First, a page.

Whereas “The President of the United States” requested the pleasure of one’s company on invitations issued during the Washington and Adams administrations, it was “Th: Jefferson” who did so during the third president’s terms. Republican William Branch Giles maintained that Jefferson addressed invitations under his own name so as not to be obligated to invite “gentlemen of different politic’s” or those who “abuse him in speeches in Congress,” but Federalist Plumer thought the format excessive. “It is Th: Jefferson not the President of the United States that invites,” he wrote, but “were he not the President I presume I should not be invited.”

Jefferson sent out one, maybe two, invitations a season to Federalists who waited on him at the start of the congressional session. Republicans routinely received multiple invitations. Because he took pains to keep a peaceable table, the president initially invited Federalists and Republicans on separate evenings. Later, when there were fewer Federalists, he sprinkled them among tables of congenial Republicans.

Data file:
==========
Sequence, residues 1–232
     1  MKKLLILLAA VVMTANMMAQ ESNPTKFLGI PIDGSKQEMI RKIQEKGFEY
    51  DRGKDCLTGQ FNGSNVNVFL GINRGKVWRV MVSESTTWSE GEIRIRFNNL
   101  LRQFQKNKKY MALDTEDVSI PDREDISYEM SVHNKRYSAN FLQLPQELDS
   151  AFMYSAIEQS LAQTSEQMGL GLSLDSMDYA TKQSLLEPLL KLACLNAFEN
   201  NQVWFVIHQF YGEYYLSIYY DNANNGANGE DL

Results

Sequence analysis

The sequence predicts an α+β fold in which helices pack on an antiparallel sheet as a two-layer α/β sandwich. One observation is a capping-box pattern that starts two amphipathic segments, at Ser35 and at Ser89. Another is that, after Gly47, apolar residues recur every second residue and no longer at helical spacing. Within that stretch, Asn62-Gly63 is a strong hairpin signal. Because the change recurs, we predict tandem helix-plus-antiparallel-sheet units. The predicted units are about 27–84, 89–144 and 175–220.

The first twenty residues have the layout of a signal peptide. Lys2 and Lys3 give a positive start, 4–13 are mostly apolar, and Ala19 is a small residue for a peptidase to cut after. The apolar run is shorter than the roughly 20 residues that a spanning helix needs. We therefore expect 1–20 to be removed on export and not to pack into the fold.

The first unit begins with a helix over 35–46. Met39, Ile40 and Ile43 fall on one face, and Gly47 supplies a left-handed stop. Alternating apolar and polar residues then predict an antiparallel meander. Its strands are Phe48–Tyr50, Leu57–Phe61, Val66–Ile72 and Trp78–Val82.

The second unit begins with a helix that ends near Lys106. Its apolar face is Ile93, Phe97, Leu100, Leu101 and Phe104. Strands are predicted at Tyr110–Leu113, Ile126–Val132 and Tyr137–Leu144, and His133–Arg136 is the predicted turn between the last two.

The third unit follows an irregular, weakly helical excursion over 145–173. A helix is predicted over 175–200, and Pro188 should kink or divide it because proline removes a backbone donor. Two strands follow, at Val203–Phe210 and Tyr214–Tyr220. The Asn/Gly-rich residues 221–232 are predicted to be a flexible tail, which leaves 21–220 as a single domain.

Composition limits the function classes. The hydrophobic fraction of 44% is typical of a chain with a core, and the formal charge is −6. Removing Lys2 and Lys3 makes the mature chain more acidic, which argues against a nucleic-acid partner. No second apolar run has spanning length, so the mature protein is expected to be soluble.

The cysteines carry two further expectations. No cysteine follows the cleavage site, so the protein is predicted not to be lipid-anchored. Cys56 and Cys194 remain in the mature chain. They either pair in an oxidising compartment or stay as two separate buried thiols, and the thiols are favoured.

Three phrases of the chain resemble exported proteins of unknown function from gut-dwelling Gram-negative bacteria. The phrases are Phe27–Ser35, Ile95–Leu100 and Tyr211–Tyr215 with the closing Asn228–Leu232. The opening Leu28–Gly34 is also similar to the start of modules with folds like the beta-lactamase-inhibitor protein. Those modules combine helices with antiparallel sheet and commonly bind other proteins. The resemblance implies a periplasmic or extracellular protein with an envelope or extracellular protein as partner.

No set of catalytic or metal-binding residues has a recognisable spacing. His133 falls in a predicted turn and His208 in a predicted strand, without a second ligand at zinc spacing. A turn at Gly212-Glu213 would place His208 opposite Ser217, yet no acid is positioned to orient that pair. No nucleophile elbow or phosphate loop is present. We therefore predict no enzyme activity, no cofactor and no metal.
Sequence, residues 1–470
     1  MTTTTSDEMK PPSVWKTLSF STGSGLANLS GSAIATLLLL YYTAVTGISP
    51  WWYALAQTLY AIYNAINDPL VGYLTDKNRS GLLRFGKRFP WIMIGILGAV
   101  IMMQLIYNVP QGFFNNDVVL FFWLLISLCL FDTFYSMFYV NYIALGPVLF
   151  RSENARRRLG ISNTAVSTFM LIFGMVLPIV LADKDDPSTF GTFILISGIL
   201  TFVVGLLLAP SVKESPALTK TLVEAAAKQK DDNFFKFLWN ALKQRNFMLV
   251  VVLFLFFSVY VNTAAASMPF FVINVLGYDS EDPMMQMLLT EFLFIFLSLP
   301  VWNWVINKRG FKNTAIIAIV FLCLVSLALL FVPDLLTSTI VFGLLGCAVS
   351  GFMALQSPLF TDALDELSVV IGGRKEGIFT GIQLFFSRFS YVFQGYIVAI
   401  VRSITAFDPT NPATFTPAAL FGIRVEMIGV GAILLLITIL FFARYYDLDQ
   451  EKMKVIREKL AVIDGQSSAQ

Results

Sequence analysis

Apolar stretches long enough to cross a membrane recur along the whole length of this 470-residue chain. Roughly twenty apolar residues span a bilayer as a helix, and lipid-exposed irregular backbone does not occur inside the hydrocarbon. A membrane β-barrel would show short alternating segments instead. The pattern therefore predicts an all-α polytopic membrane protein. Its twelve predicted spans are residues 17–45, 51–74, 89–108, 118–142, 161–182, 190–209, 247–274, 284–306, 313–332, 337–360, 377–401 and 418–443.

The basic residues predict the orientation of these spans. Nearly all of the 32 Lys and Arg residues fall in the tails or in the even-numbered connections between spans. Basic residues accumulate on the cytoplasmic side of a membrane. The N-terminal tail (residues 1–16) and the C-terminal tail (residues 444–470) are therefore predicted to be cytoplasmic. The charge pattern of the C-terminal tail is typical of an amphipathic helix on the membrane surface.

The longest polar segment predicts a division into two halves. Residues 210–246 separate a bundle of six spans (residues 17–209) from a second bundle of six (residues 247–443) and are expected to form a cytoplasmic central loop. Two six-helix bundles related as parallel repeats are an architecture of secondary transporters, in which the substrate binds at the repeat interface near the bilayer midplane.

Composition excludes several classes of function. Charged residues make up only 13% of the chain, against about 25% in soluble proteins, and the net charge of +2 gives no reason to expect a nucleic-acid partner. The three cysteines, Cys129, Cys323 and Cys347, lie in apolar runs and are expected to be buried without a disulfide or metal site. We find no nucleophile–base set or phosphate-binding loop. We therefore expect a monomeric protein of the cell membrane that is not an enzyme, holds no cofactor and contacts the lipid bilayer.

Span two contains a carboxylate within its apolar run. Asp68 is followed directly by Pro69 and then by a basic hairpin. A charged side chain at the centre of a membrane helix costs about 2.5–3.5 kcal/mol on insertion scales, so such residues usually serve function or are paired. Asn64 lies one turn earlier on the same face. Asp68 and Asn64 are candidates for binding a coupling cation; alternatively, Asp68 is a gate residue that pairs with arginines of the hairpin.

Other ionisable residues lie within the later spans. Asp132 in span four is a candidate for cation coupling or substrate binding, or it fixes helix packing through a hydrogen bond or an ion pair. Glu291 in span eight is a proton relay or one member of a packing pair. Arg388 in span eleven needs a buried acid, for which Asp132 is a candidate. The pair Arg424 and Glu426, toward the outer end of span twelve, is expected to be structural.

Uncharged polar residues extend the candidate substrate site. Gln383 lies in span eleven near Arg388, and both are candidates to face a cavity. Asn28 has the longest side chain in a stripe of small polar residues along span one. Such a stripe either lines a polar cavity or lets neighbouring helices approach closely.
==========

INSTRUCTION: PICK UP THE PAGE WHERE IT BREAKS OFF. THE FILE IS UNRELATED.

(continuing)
The Dinner

Jefferson’s guests entered the President’s House through the north portal, which led directly into a large entrance hall. Francis Few, whose Uncle Gallatin was secretary of the treasury, dined at the executive mansion in 1808. She wrote that upon arrival, a servant showed them into a room where they were greeted by Jefferson’s secretary. “After a while the President made his appearance he bowed and the strangers present were named to him—he then took a seat himself and his example was followed by the gentlemen who since his arrival had been standing—he joined in the conversation but did not monopolize it—in about half an hour dinner was announced and we were handed into another room.”